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# CIVIL ENGR SYSTEMS CVEN 322

Texas A&M

GPA 3.53

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This 24 page Class Notes was uploaded by Carolyn Kuhn on Wednesday October 21, 2015. The Class Notes belongs to CVEN 322 at Texas A&M University taught by Staff in Fall. Since its upload, it has received 13 views. For similar materials see /class/226123/cven-322-texas-a-m-university in Civil Engineering at Texas A&M University.

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Date Created: 10/21/15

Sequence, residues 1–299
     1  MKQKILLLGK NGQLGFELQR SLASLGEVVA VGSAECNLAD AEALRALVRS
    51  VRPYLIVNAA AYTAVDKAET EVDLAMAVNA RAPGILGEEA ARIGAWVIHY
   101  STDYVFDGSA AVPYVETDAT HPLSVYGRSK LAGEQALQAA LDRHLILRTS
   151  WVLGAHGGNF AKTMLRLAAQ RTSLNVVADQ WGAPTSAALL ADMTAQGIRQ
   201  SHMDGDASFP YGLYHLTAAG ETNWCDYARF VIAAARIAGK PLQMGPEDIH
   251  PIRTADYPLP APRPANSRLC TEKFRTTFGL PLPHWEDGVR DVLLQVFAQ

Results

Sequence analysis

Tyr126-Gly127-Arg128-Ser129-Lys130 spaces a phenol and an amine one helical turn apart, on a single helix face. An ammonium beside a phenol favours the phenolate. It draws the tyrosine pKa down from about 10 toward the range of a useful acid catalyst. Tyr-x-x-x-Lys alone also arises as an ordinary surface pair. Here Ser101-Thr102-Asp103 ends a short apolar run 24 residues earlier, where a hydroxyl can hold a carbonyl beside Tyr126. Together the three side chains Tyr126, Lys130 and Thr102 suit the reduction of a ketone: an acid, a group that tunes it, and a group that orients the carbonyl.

Refuse hauling transhipment nodes Z Page 1 of 2 5 B Problem 511 8 Three cities A B and C produce refuse of 100 tonsday 50 tonsday and 30 tonsday respectively The refuse can be shipped in several directions including to each other or to two transfer stations D and B using local trucks Once the refuse is shipped to the transfer stations at D or B it is transferred to highway trucks and shipped to one of three land lls F G or H The land lls have the following maximum capacities per day F 100 tonsday G 50 tonsday and H 60 tonsday The following unit costs per ton are charged for any and all refuse that comes into through or to the cities transfer stations or land lls It is a quothandlingquot charge applied to any material accepted City A 4ton City B 6ton City C 4ton Transfer Station D 3ton Transfer Station E 4ton Land Fill F 8ton Land Fill G 12t0n Land Fill H 7ton Thus the 100 tonsday entering City A will incur a 400 charge simply because the refuse entered City A The costs to transport material between locations are as listed A B C D E F G H City A 2ton 3ton 4ton City B 2ton 3ton SSSton 4ton City C 3ton 7ton 9ton Transfer 3ton 1 Oton 8ton 12ton Station D Transfer 3ton 6ton 4ton 1 3ton Station E SEE TABLE ABOVE FOR THE NUMBERS SHOWN ON THE MAP BELOW httplowerytamueducven3 22homeworklp5l lhtm 6252008 Refuse hauling transhipment nodes i Page 2 of 2 19 H Total hauling costs per ton are shown in the table and on the schematic above Set up and solve the LP solution to determine the least cost way to get the refuse from the cities to the land lls Note that it is possible to haul refuse between the cities as shown and also between the transfer stations if that proves to be more economical httplowerytamueducven322homeworklp51 lhtm 6252008 ClaSS 13 Page 1 of2 53 M Tars Ream Ti39ME germs A no swarm Print out the following page and bring it to class with you Learning Objectives Class 13 After today39s lecture and after working the homework problems the student should be able to solve problems such as Waste dis osal for laroe combined area You should also see how problems such as 5 gravel hauling and integer problems are solved using linear programming Topics covered in today39s class Waste disposal for large combined area Given A contractor is planning a job that will require a large amount of gravel and sand The estimates for the necessary gravel and sand are Gravel 90000 tons Sand 10000 tons There are two pits from which material can be obtained and the plan is to haul from these two pits and to separate screen the material on the job for whatever material is needed Analysis shoWs that the material at each pit has the following composition Pit A Pit B Gravel 20 10 Sand 80 90 It costs 80ton for material and hauling from pit A and 2 ton from pit B Required Solve this as a linear programming problem to min ize the delivered cost Integer solutions WW To solve a problem where you want everything to be an integer run the problem using the Gomery Cut Algorithm not on autoselect with the following lines added at the end of the model BOUNDONSUM http lowerytamueducven322 Classes Class 1 3Class l 3 htm 6232008 Class 13 Page 2 of2 200 and on the next line ALLINTEGER The BOUNDONSUM variable should be set the the approximate sum of all the answers for your variables LE if you think you will be making 300 one bedroom apartments 100 two bedroom apartments and 400 three bedroom apartments perhaps try the value of boundonsum 800 the sum of all your answers X1X2X3 BOUNDONSUM is used to assist the program in making a reasonable guess as to where the answer lies It is used only to speed up the solution and is not critical that you get it correct However the closer you can get it the fewer dead ends the computer will go down and the quicker the program will run In any case it is required that you put something in there If you put in BOUNDONSUM 2 and the true nal sum of all your answers is 2000 he will still get the solution he will just say quotidiotquot quotfoolquot quotjackassquot a bunch of times The Gomery Cut Algorithm can also be used when you have some variables that you want to be integer and others that should be real numbers by using the statement INTEGERvariablel variable2 httplowerytamueducven322ClassesClass 1 3 Class 1 3 htrn 6232008 Laying paving and binder Page 1 of 1 12 CD Problem 5 17 Given In order to keep to a construction schedule I must place 1000 tons of pavement a day Because of other projects in the area I will be unable to purchase all of my pavement from one batch plant In fact I will have to purchase from three plants in the area because of the high demand Plant G can supply me with up to 275 tons day total of either Topping or Binder my choice Thus you can get up to 275 tons of whatever you want 275 tons of Topping and no Binder or 100 tons of Topping and 175 tons of Binder or 2 tons of Topping and 273 tons of Binder or 10 tons of Topping and no Binder just anything you like but no more than 27 tons per day Plant H can supply up to 350 tons day of either Topping or Binder same idea as for Plant G Plant I can supply me with up to 595 tonsday of either Topping or Binder same idea as for Plant G I have two pavers one laying Topping and one laying Binder The Topping Paver lays 575 tonsday and the Binding Paver lays 425 tonsday which as you might imagine is the exact daily amount required to construct the road The cost to transport paving material from Plant G to the Topping Paver is 32ton Cost from Plant G to the Binder Paver is 36ton from Plant H to Topping Paver 30ton from Plant H to Binder paver 33ton I to Topping paver 3 lton and I to Binder paver 35t0n Required Solve for the minimum cost of acquiring the necessary material httplowerytamueducven3 22homeworklp5 l 7html 6252008 Car Barn distribution for a day Page 1 of 1 Problem 5 21 g l Given A rapid transit system serving a metropolitan area has ve bus stations in the suburbs Each morning busses are dispatched to these stations from three bus barns near the center of town Data for bus availability at each bus barn and bus requirements for each station along with the costs of dispatching a bus from any bus barn to any station are given below Station Busses Required 1 30 2 2O 3 10 4 10 g9 Bus Barn Busses Available 1 40 2 2O Dispatching Costs to station gt 1 2 3 4 5 From bus barn l 40 30 20 30 60 From bus barn 2 20 20 4O 50 70 From bus barn 3 60 40 50 30 30 Required 1 Solve the problem to nd the least cost method of dispatching the required busses 2 Solve problem a assuming that there were now 50 busses available at bus barn 1 instead of 40 ie that there were now more busses available at the bus barns than were needed at the stations 3 Solve problem a assuming that the number of available busses at bus barn 1 is only 30 ie that there were now fewer busses available in the bus barns than were desired at the stations http lowerytamu educven3 22homeworklp5 21 html 6252008 Machine assignment problem Page 1 of 1 22 Problem 5 33 Given A company has four machines that can accomplish three jobs Each job can be assigned to one and only one machine The objective is to assign the jobs to the machines in the most costef cient manner Costs for each job machine combination are given in the following table Machine 1 Machine 2 Machine 3 Machine 4 Job 1 19 23 28 31 Job 2 7 14 16 19 Job 3 10 15 20 22 Required Solve for the minimum cost httplowerytamueducven322homeworklp533html 6252008 HOW TO SET UP EQUATIONS LINEAR PROGRAMMING PROBLEMS Page 1 of 9 TABLEAUS Print out the following page and bring it to Class with you HOW TO SET UP HAND SOLUTIONS TO LINEAR PROGRAMMING PROBLEMS Say you have been presented with the following LP problem Min Z 2R 8Y ST 1 R lt 20 red ones quot 2 Y gt 14 yellow ones 3 5R lOY 150 Note that basically the quotsolutionquot to this problem as far as we are concerned is R something and Y something where R and Y always have to give legal results and hopefully at some time optimal results These quotsomethingsquot can be positive numbers or zeros but never negative Note that there are three constraints subj ect to39s to the problem each of which is an equation of a line in two dimensions forming quotboundariesquot to the solution Further the objective anction is also a line Since we have previously seen that the solution to such a problem falls on the boundaries of the constraints it becomes evident that if we could nd a legal starting position for R and Y even though not optimal and then move that point to a boundary then move that point to a boundary intersection then crawl up with respect to the slope of the objective function that boundary intersection until we get to another boundary intersection and continue this process we would nally reach the optimum value of R and Y This can be done using a quotTableauquot Even neater is the fact that this works in three dimensions R Y and x3 or 500 dimensions R Y x500 Solving the above problem using a Tableau INEQUALITY 1 says quotDO NOT use more than 20 of the red ones since we only have 20 available quot Thus we try to make INEQUALITY 1 into an EQUATION by ADDING a SLACK variable to it and see how it feels 1RSl20 Great Because with 1 representing how many red ones we didn39t even need ie the number still left in the box after we found the optimum solution to our problem EQUATION I says 1 How many red ones you used in getting the optimum solution How many red ones are still left in the box Slackl 20 Le when the boss comes in and says quotYou didn39t use more than 20 red ones did youquot we reply quotNo sir In fact we still have 81 of those little suckers left in the box quot Next INEQUALITY 2 says quotBe SURE to use AT LEAST 14 of the yellow ones since our storage room is ill and we absolutely MUST get rid of at least 14 of them to make room for other things I quot Thus we try to make INEQUALITY 2 into an EQUATION by SUBTRACTING a SURPLUS variable from it and see how that would work httplowerytamueducven322howtolpHowtolphtm 6252008 HOW TO SET UP EQUATIONS LINEAR PROGRAMMING PROBLEMS Page 2 of 9 i gt itir 2g 2 Y S2 14 Say Y 20 then S2 6 WORKS GOOD Because Y represents how many yellow ones we used in getting the optimum solution and S2 represents how many MORE than the 14 minimum we were told to use that we actually ended up using Ie when the boss comes in and asks quotWere you sure to use up at least 14 of those rotten yellow ones like I told youquot we reply quotYes indeed sir in fact we actually used S2 more than the minimum that you speci edquot LE SurplusZ 6 Next EQUATION 3 is already an EQUATION so to heck with it 3 5R 10Y 150 We now have formed a set of EQUATIONS to work with as opposed to our previous INEQUALITIES and can thus use various math methods such as Gaussian Elimination or Cramer39s Rule for solving for the intersections and boundaries given by these equations If you have forgotten how these methods work see httowwwsosmathcommatrixsvstem l svstem l html or httn mathworidwolframcomCramersRu lentml Now we must some select some initial legal point R and Y at which to start the solution to get an initial although nonoptimal answer This is not an easy task Where in a diamond in threeD space is a point inside that diamond Thus I propose that we just always start out saying quotToday no workquot No kidding Initially the initial solution will be Today do no work make no pro t incur no costs make no widgets use no red ones and no yellow ones no no no Even though we both agree that the quotdiamondquot does not touch 000 we also admit that we have no way of nding a legal point inside of it Obviously the problem of an initial legal point becomes even more impossible for a problem with 50 or 500 variables Thus the initial proposed solution will always be xi 0 R0 YO Rltz Now let39s try putting these values back into our modi ed EQUATIONS to make sure we won39t be shooting ourselves in the foot If the modi ed equations themselves become illegal then we have no hope of quotimprovingquot the solution since even our initial solution is invalid 1 R 81 20 m 2i my That39s ok since when R 0 S1 will 20 and that s legal g gt m i g C 2Y s214 That39s not so great because when Y 0 S2 must l4 and no rogramming variable can EVER be negative It would have no meaning So let39s simply add anothef ariable to the EQUATION to permit our proposed initial solution to be legal at the quotdo no workquot point it we add an arti cial variable Al which will represent how badly we ignored the boss39s demand that we n at least 14 of the yellow ones I2 6 it 2YS2 g 14 f Now let s try it again Say Y 20 then S2 can 6 and Al will 0 That works ok Say Y 14 then SZ can 0 an A2 ill 0 That works ok WWW httplowerytamueducven322howtolpHowtolphtm 6252008 HOW TO SET UP EQUATIONS LINEAR PROGRAMMING PROBLEMS Page 3 of 9 Say Y 0 then 32 can o anm4 That39s GREAT Z Now remember S2 Surplus Variable 2 represents how many above and beyond the minimum 14 yellow ones we used above and beyond our boss39s demands while Al Arti cial Variablel represents how many fewer than his demand of 14 we used in our optimum solution thereby incurring his wrath Now we39ll try to get equation 3 to work under all conditions 7 W 35R10Y150 39 6 Trying R 0 and Y 0 we see that 0 150 Rats So let39s use the same trick as before and add an arti cial variable to the equation 3 5R 10YA2 150 Say R 10 and Y 10 then A2 0 Good enough Say R 0 and Y 0 then A2 150 Great Thus the rules of the game are 5 52 3 2 Whenever you have gt subtract a SURPLUS variable and add an ARTIFICIAL variable S 3 Whenever you have add an ARTIFICIAL variable A i A 2 Also a summary of just what these things MEAN 1 Whenever you have z add a SLACK variable l Slack variables If a constraint inequality lt demands an upper limit on the usage of some resource the slack variable represents the unused amount of that limited resource once the optimal solution is found if any exists 2 Surplus variables If a constraint inequality gt demands a minimum usage of some resource the surplus variable represents that amount above and beyond the minimum of that resource that you used in nding the optimal solution if any 3 Arti cial variables Used in either gt or constraints to be able to legally start the solution at a quotno work will be donequot point It39s purpose is to get the solution legally started at a simple initial point namely R Y X3 0 However we must try and force all arti cial variables to zero in the nal solution since arti cial variables represent how badly you have ignored your boss s wishes and disobeyed his direct orders Now since we added all those extra slack surplus and arti cial variables how are we going to make the solution realize our preferences 16 how will the solution know Whether we like leaving those ARTIFICIAL VARIABLES and SLACKS and SURPLUS VARIABLES in the solution or are we greatly displeased with their presence in the solution Well here39s what we will do we will tell him that SLACK variables areigae if he leaves them in the solution that39s ok since I really don39t care pro twise or cost wise whether there are some red ones left in the box or not I was only told not to use too many of them anyway And I also really don39t care if he uses 3 more yellow ones than the minimum of 14 or whether he uses 30 more than the minimum of 14 required yellow ones Thus SURPLUS variables are also free Actually I have already paid for them elsewhere in the objective function http1owerytamueducven322howtolpHowtolphtm 6252008 HOW TO SET UP EQUATIONS LINEAR PROGRAMMING PROBLEMS Page 4 of 9 Zia However I really must make clear to him that Arti cial variables are truly expensive items For example if he gives me back a solution that has A1 2 that means the bosses instructions were not carried out and I may lose my job That would say I only used up 12 yellow ones rather than the 14 he instructed 39 So what I will do is tie a really BIG cost to Al so he will do his dangd st t drive it out of the solutio as soon as possible Thus my objective function becomes MinZ2R8YOSlOSZMA1MA2 Where M one quadrillion dollars Also since I don39t know HOW to minimize I will do this instead MaxZ2R8YOSl Os2MA1 MA2 Note there are rules which would work to minimize something but rather than learn how to minimize AND maximize we will just learn how to maximize If anyone ever asks you to minimize something simply reverse the signs in the objective function and maximize it instead Note that only the signs of the objective function are reversed not the signs on the subject to constraints Note also that whether you are minimizing OR maximizing when you set up your tableau the quotbig M39squot will be negative This is because if you are maximizing you will SUBTRACT MAl to greatly penalize your pro ts If you are minimizing you will ADD MA1 to greatly penalize your costs which when you reverse your objective function signs will again give the arti cial coef cients as negative A QUICK SUMMARY OF WHAT YOU DID IN ORDER R lt 20 Not an equation R 20 An equation but doesn39t allow R 14 as originally permitted 1 20 An equation permitting R 14 but perhaps not legal at R 0 don39t go to work today 0 Legal and permits R 0 Good Y gt 14 Not an equation Y 14 An equation but doesn39t allow Y 20 as originally permitted Y 2 14 An equation permitting Y 20 but perhaps not legal at Y 0 don39t go to work today 0 2 14 Sure enough not legal W vY S2 A1 14 Good 5R 10Y 150 Already an equation but not legal for R O and Y 0 do no work today 0 0 re enough not legal w 5R 10Y 2 15 Adding the new variables required into the objective function MINZ2R 8YOSlOSZMA1MA2 GENERAL RULES FOR WHO IS IN THE SOLUTION 1 All SLACKS are IN the solution 2 All ARTIFICIAL VARIABLES are IN the solution httplowerytamueducven322howtolpHowtolphtm 6252008 HOW TO SET UP EQUATIONS LINEAR PROGRAMMING PROBLEMS Page 5 of 9 BASIC RULES OF GETTING A SOLUTION WITH A TABLEAU 44quot 7 1 Calculate Zj the sum of the Cj values down the left column times the corresponding coef cient under the x1 or x2 or x3 or 51 etc column This is basically the slope of the boundary with respect to the variables x1 x2 x3 Please note that it39s almost impossible to explain this by writing it down LISTEN IN CLASS 2 Calculate Cj Zj This is basically the slope of the boundary with respect to the objective function 3 The largest value of Cj Zj will tell you whether a better solution is available and give you which Entering Variable has the largest slope and therefore will improve the solution the fastest If there are no positive Cj Zj then the best solution has been found You are nished The Entering Variable is the variable which will replace the leaving variable on the next Tableau thereby kicking one of the other poorly performing variables out 4 Once you have found the Entering Variable calculate the Right Hand SideEntering Variable coef cient The smallest positive NON ZERO NONNEGATIVE value of RHSEnter is the Leaving Variable The Leaving Variable is doing you the least good in attempting to improve the solution and therefore will be removed in the next Tableau to make room for the Entering Variable 5 The intersection of the Entering Variable and the Leaving Variable is called the pivot element 6 To get the next tableau re write the previous tableau replacing the Leaving Variable and its coef cient with the Entering Variable and its coef cient 7 By algebraic manipulation make the pivot element 1 Note that whatever you do to the pivot element to make it into the number 1 you will have to do that same operation to all other elements on that row Seems only fair Write all of these new numbers on the pivot row on the next Tableau 8 Make all 19 terms above the pivot element and all 37 terms below the pivot element equal to 0 using any multiple OF THE PIVOT ROW legal algebraic operations only and write these new rows in the new tableau Whatever you do to any element to make it a zero must be done to all the other elements in that row Note that this is just like the Gaussian Elimination procedures you learned in math 9 After you get the new tableau written down you MUST MAKE SURE that all the RHS terms are positive If not change the sign of every term on that row This is because otherwise you are saying that the current solution for something is NEGATIVE which is never permitted in linear programming Secondly you must make sure that all the cross terms are 1 Le if S2 is in the solution make sure that the value which intersects S2 horizontally with 2 vertically is 1 If it is a 6 then divide that entire row by 6 making it a 1 Or if it is 35 divide that entire row through by 35 to make it a l 10 Proceed with this same operation until there are no positive Cj Zj values at which time the optimum solution has been found 11 Note that although the method is similar to Gaussian Elimination or Cramer s Rule because of the book keeping done around the outside of the equations you have several other restrictions that you must follow a All Intersection terms must be made to 1 That is to say you MUST get 1000000000000 at the intersection of all variables which are in the solution in all tableaus If you don39t make it so Thus if X is IN the solution in any tableau ie if it is currently in the SolutionVariable SV column check that the quotintersectingquot number on the quotXquot row directly BELOW the quotXquot at the top is a 1 If Y is IN the solution in any tableau ie if it is currently in the SolutionVariable SV column check that quotintersectingquot number on the quotYquot row directly BELOW the quotYquot across the httplowerytamueducven3 22howtolpHowtolphtm 6252008 HOW TO SET UP EQUATIONS LINEAR PROGRAMMING PROBLEMS Page 6 of 9 top is a 1 If Al is IN the solution in any tableau ie if it is currently in the SolutionVariable SV column check that quotintersectingquot number on the quotAl quot row directly BELOW the quotAl quot across the top is a l b All Righthand side RHS numbers MUST be positive If they are not make them so This is because this number IS the solution for the variable on this row and negative numbers have no meaning in Linear Programming ANSWERS 1 For each and every tableau including the rst the value of the variables currently in the solution ie the variables listed on the left hand side of the tableau can be determined by simply looking at the RHS 2 The current value of any variable not listed in the tableau is zero 3 The current value of the objective function for any tableau is listed as the last number under the RHS column EXAMPLE PROBLEM M z 4 1 3 2 3 WWW ax X X X ST x1 x2 lt 20 x2 x3 gt 4 Xl X3 10 Thus as per the rules above and the objective function becomes MAXZ4X13x2x3 081082 The INITIAL solution since we have decided to quotdo no work todayquot is From the rst equation X1 0 X2 0 so 1 20 From the second equation X2 0 X3 0 S2 0 so A1 4 From the third equation X1 0 X3 0 so A2 10 Putting these quotdo no work todayquot numbers into the objective function leads us to realize a loss of Z 14M Who is currently IN THE SOLUTION S 20 A1 4 and A2 10 All others are 0 and are not quotinquot the solution Then the tableau will be set up as follows SV RHS RHSENT http1owerytamueducven322howtolpHowtolphtm 6252008 HOW TO SET UP EQUATIONS LINEAR PROGRAMMING PROBLEMS Page 7 of 9 Zquot Z Cj 2 where Cj is the coef cient for each variable SV is the name of the Solution Variable Zj is the slope of the Solution Variable CjZj is the quotrelativequot slope between the Solution Variable and the Objective Function RHS is the Right Hand Side of the equation and also the current solution for the Solution Variable quotin the solutionquot and RHSENTER is the slope of the Solution Variable relative to the Entering Variable W t L if Est w sea We ng Filling in the rst values c 4 R 3 1 0 0 M M sv it X1 if x2 x3 81 82 A1 A2 RHS RHSENT 0 s1 9 1 1 1 0 0 29 20120 1 A1 310 3 1 1 0 1 1 0 4 314951 M A2 v39qvk 0 0 0 1 10 iii1102 Eta H yj win g9 Zj M M 0 0 M M M l4m Cj 4 3 1 0 0 0 Zj M M M W M a a E ma 1 teen a 5 a a a a at Now at this time tableau l the current proposed solution is 81 20 A1 4 A2 10 xl x2 x3 S2 zero and the current value of the objective function is quotlose a cool 14 million dollarsquot mainly because you didn39t follow your boss39s orders and there are still some arti cial variables in your solution Note that all quotIntersectingquot terms are 1 and all RHS Right Hand Side terms are and MUST BE positive The reason all RHS terms must be positive is because those are the current answers for 81 Al and A2 and as such must be positive Negative answers have no meaning in linear programming problems Carrying out the calculations for Zj Cj Cj and RHSENT gives the values shown above You calculate Zj the sum of the Cj values down the left column times the corresponding coef cient under the XI or x2 or x3 or s1 etc column Thus Zj in the x1 column 01 M0 Ml M Zj in the x2 column l Ml MO M Z in the x3 column 00 M l Ml 0 etc Thus for the next tableau the entering variable found above will be x1 since he has the largest relative slope CjZj The leaving variable will be A2 since he has the smallest nonzero non negative RHSENT Note that the pivot element has been marked with asterisks 1 and the entering and leaving variables have also been marked OK Now let39s see if we can get a better solution out of the next tableau Should be possible since Mister xl has said that his Cj Zj is positive and therefore if we will let him into the solution he will improve things for us Also we have kicked out the bum A2 since he was the smallest RHSENTER value we had Remember Do not try to remove anyone whose RHSENTER is zero or negative you will end up outside the feasible solution region Also we will be making the pivot element l and all fifteen or so terms above and below the pivot element if there are any equal to zero Actually we got kind of lucky since the pivot element was already 1 and one of the values directly above him which was to be turned into a zero was already zero Then subtracting the pivot row from the top row will turn the term directly above the pivot element into a zero giving the next tableau NOTE You MUST use the pivot row in combination with other rows in your attempt to make terms above and below the pivot row 0 This is necessary because of the bookkeeping going on around the edges of the tableau httplowerytamueducven322howtolpHowtolphtm 6252008 HOW TO SET UP EQUATIONS LINEAR PROGRAMMING PROBLEMS Page 8 of 9 h D 1331 9 1 0 0 M M X3 A1 RHSENT l 0 101 10 1 1 l 0 100 INF 4 4 M M Cj 3 5 4 M M M M Zj Thus at the second tableau the current value of the objective function is a loss of only 40 shy of 4 million dollars The solution shown consists of Sl 10 Al 4 x1 10 with X2 x3 S2 A2 zero since they are not in the solution Note also that we carefully made sure of the following after our mathematical manipulations all cross terms are 1 all RHS are positive the pivot element is 1 all terms above and below the pivot element are 0 Note that the Cj Zj values for S 1 x1 and A1 in the tableau above are zero That makes sense because since they are already IN this solution so they couldn39t be expected to improve the solution if we were to quotlet them inquot They are already in Note also that the Cj Zj coef cient of A2 is minus millions He is saying quotif you let me back in I will hurt you GOODquot Note that all quotIntersectingquot terms are l and all RHS terms are positive OK as seen above the entering variable is x2 and the leaving variable is Al Thus the next tableau looks LEQAI Cj 4 3 l 0 0 M M SV x1 x2 x3 S1 82 A1 A2 RHS RHSENT 0 1 0 0 0 l 1 l l 6 6l6 3 x2 0 l 1 0 l l 0 4 4 1 4 4 x1 1 0 l 0 0 0 l 10 100 INF NOTE Don39t use x2 as the leavin z 4 3 1 0 3 3 4 52 variabi H Cj 0 0 2 O 3 3 4 Zj M M W i w Mquot Note that all quotIntersectingquot terms are l and all RHS term the leaving is S1 The next tableau looks 3 1 0 M M SV x2 x3 S2 Al A2 RHS RHSENT S2 0 1 l 6 x2 1 0 l 10 x1 1 0 l 10 Zj 1 00230 1 CJ M M lt Note No more p051tive httplowerytamueducven322howtolpHowtolphtm 6252008 HOW TO SET UP EQUATIONS LINEAR PROGRAMMING PROBLEMS Page 9 of 9 it lellllllll ll Notethat all quotlntersectin quot terms arel and all Right Hand Side terms are osmve The RHSterms MUST be posmye because they A the solutxons propose at each step or the solu Ion and negatwe Values are not germ1ttecl fog l1near rogrammIn JSOIutIons they make no sense Also no more posmve C3 ZJ eXISt thus he solutlon lS comp ete WHO N THE nal solutlon therefore1s x1 10 x2 10 S2 6 1 x3 A1 A2 zero The current value of the object1ye functlon 15 70 whlch IS the maXImumdpro t oss1b1e for th1s groblem Now s1nce l was suszosed to be Ijnlnlm1z1n costs but d1dn39t know how an there ore pretended 0 be max1rn121n6ro t Instea I now admlt that an tell the boss that the mlmmum poss1ble cost for th1s problem w111 be Wthh W111 occur when Xl1 X210 2 6 an 81 X3 A1 A2 zero httplowerytamueducven322howtolpHowtolphtm 6252008 Blank Tableau W W Sol vac K 33 0 pm 0 D9 O 2 KW 93 http1owerytamueducven322h0meworkLpblanktableau1 htm Page 1 of 1 a 6252008 Blank Tableau 2 C 45352 a o m am 1 I f S 39 XE xif a 35 2 a 2 gas var RHS Enter Q OO mqu gig ii EQ WEQWVE Eig 29 fgt EO Cgt 063 E i 4 O 4 Zj M 5 415 0 Zj quot4qu j http10werytamueducven3 22h0meworkLpb1anktableau1 htrn 37252 Page 1 of 1 6252008 Blank Tableau 0 Sol RHS Var RHS Enter 2 CJ zj http lowerytamu edu cven3 22 homeworkLpblanktableaul htm Page 1 of 1 3 6252008 Blank Tableau 0139 So RHS Var RHS Enter 2139 CJ39 zj httplowerytamueducven3 22homeworkLpb1anktableau1 htm Page 1 0f 1 6252008 Class 16 Page 1 ofl 353 Print out the following page and bring it to class with you Learning Objectives w Class 16 After today39s lecture and after working the homework problems the student should be able to o Solve linear programming problems by hand Topics covered in today39s class See main page httplowerytamueducven322Classes Class 1 6Class 1 6th 6252008 Lowery39s Old 422 Exams Page 1 of 2 5 w LOWERY39S OLD 422 EXAMS n2 Please note that I am happy to share the type of questions asked of previous semester39s students However please also note that sadly I will NOT be able to sit down with each of you individually one at a time and show you how to work all 132 of the problems listed Sorry but that just isn t possible If you want to work these problems for practice fine Get with your friends go over to someone39s house and pound them out but please don39t ask me to solve them for you Please also note that the course changes from year to year Thus this year we may have economics on quiz A while last year quiz A covered optimization Sometimes material is completely removed from the course and something else takes its place For example Critical Path Methods were removed from 422 when engineering economics was added Thus don39t get upset if you don39t know how to do something on one of these quizzes that you never heard of It39s possible that we just no longer cover it It39s also possible that you didn39t come to class that day or slept through that class in which case I39m not willing to spend two hours teaching it to you individually Sorry Get a kinder soul in the class to show you QuizA Summer of 1996 Quiz13 Summer of 1996 EinalExarn Summer of 1996 QuizA Fall of 1996 Quisz Fall of 1996 FinalExam Fall of 1996 an Spring of 1997 QQiLB Spring of 1997 Final Exam Spring of 1997 Q iLA Fall of 1997 QuizB Fall of 1997 EinalExnm Fall of 1997 Quiz A Spring of 1998 Quiz B Fall of 1998 Final Exam Spring of 1998 Quiz A Fall of 1998 Quiz B Fall of 1998 EinalExam Fall of 1998 Quiz A Spring of 1999 Quiz B Spring of 1999 Final Exam Spring of 1999 Quiz A Spring of 2000 Quiz B Spring of 2000 Final Exam Spring of 2000 Quiz A Spring of 2001 httplowerytamueducven422quizzesindexhtm 2202003 Lowery39s Old 422 Exams Page 2 of 2 m Quiz B Spring of 2001 Final Exam Spring of 2001 Quiz A Spring of 2002 Quiz B Spring of 2002 Final Exam Spring of 2002 http10werytamueducven422quizzesindexhtm 2202003 Time Independent Production Models 3 Determine What scaffolding components to make for the following month given the data below Side Rails Floors Braces Connections Limitsmonth Ft 0 P IPC 50 ft 20 ft 10 ft 50000 ft Used Ft of 2X2xl4 Angle Iron 30 ft 50ft 12 ft 8 ft 30000 Used 1 bolts 20 30 4 10000 Pounds of Welding 2 1 4 3 1000 Labor 10 6 2 1 3200 Profit 80 50 12 8 Minimum Required 30 50 Additionally marketing requires that you make at least 2 sides for every oor manufactured